The impact on descendant communities is emotional and economic. Rachael Kangas, an archaeologist with the Florida Public Archaeology Network at the University of South Florida said most initial searches begin with using ground-penetrating radar, and property owners typically cover the bill. She said the cost can run several thousand dollars, which can be cost-prohibitive.
Additionally, the discovery of graves could drive down property values for homeowners in an area.
"I think you really have to consider what is the right thing to do," Driskell said. "And when you have this descending community that's looking for their loved ones, the right thing to do would be to allow for something non-invasive like ground-penetrating radar to try to find out if those graves are really there."
Living with loss: Researchers say racism and predatory land practices contributed to the demise of African American cemeteries and institutions.
Mark Walker said the theme of loss is a tragic part of the American story for descendants of slaves and one that is not unique to Tampa.
"It's typical...like in Tulsa that...a lot of times there [is] this kind of revolt of the white community against Black entrepreneurs or Black folks that have actually accumulated something," he said, referring to the 1921 Tulsa race massacre that destroyed what was known as Black Wall Street.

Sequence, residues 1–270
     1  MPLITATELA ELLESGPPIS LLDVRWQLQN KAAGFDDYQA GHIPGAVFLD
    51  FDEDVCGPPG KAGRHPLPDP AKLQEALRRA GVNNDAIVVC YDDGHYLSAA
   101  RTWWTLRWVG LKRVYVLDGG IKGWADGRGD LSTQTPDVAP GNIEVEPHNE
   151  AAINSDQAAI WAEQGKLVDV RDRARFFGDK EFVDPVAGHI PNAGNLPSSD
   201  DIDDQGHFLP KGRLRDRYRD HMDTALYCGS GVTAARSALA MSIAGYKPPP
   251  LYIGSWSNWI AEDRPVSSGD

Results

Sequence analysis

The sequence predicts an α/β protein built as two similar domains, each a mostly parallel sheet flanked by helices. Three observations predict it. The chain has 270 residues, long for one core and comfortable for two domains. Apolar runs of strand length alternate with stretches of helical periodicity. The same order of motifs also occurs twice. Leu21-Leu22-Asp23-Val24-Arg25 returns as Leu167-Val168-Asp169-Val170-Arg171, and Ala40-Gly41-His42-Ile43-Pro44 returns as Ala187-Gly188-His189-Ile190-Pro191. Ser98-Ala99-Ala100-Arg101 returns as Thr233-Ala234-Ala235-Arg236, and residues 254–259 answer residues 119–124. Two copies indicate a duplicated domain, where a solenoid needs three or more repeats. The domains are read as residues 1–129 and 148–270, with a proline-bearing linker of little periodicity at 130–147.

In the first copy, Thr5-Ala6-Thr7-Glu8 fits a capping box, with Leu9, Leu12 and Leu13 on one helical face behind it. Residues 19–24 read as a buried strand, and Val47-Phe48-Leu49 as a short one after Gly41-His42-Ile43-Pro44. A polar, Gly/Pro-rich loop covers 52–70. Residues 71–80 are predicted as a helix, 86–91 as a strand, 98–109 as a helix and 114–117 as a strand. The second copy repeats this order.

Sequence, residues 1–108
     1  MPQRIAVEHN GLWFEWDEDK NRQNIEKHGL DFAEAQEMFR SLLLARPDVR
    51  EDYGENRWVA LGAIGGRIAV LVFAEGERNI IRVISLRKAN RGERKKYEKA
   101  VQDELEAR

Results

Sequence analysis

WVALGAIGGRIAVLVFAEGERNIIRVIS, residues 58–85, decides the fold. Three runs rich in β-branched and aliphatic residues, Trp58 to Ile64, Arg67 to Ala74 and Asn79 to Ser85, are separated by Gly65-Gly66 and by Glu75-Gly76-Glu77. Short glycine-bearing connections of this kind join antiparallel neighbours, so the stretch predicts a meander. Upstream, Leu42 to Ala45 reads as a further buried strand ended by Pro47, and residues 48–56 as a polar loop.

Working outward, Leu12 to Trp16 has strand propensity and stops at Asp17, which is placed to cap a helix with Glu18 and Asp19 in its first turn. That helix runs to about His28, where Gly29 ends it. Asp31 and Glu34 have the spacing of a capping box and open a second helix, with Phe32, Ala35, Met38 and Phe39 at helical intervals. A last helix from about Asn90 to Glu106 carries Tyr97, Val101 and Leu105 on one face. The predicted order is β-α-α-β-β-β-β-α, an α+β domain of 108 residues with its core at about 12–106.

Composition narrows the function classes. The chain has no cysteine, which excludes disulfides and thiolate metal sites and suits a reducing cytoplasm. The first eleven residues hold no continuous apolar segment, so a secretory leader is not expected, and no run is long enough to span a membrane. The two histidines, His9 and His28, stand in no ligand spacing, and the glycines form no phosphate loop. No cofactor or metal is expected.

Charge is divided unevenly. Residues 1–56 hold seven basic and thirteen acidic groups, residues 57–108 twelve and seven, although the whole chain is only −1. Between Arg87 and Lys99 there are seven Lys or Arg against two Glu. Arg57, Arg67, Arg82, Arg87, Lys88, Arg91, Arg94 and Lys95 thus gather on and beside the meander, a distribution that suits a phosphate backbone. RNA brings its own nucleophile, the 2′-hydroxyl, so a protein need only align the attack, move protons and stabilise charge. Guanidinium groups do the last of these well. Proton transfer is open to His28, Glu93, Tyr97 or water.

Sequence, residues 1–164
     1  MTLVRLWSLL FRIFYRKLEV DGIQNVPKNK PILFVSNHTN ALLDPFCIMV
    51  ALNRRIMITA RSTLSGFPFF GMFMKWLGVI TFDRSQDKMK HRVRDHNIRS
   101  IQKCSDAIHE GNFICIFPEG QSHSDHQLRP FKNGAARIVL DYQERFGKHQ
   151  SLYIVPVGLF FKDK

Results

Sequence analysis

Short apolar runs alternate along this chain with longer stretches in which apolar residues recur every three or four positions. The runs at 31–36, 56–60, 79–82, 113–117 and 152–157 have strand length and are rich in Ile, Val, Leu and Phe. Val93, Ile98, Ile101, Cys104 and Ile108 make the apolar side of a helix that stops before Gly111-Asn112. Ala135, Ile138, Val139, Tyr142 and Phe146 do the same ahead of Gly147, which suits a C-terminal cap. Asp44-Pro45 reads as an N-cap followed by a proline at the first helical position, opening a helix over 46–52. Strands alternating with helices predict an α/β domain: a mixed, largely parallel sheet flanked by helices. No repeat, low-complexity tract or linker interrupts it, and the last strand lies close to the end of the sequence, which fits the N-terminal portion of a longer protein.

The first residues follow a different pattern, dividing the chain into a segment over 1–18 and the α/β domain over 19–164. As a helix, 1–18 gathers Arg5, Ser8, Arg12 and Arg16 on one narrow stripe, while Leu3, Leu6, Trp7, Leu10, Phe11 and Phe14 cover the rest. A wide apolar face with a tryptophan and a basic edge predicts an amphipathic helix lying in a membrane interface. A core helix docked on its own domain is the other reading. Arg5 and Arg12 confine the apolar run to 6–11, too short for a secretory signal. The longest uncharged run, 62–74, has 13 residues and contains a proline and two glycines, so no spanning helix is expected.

Walker said his own family suffered a similar fate. "I think some, or all members of my family, you know, left Florida and did so as a result of some sort of things that happened around their ownership of property there," he said.
Kimmerle said it was not uncommon for African Americans to lose their property as cities expanded in the earlier parts of the 20th century.
"What you see all over Tampa, and we could say other cities and places in the country as well, but what you see starting in about the mid-30s—1935, 1936 is the development of the Tampa Housing Authority and other sort of authorities where it’s private business and authorities working together because there was now federal money available," she said.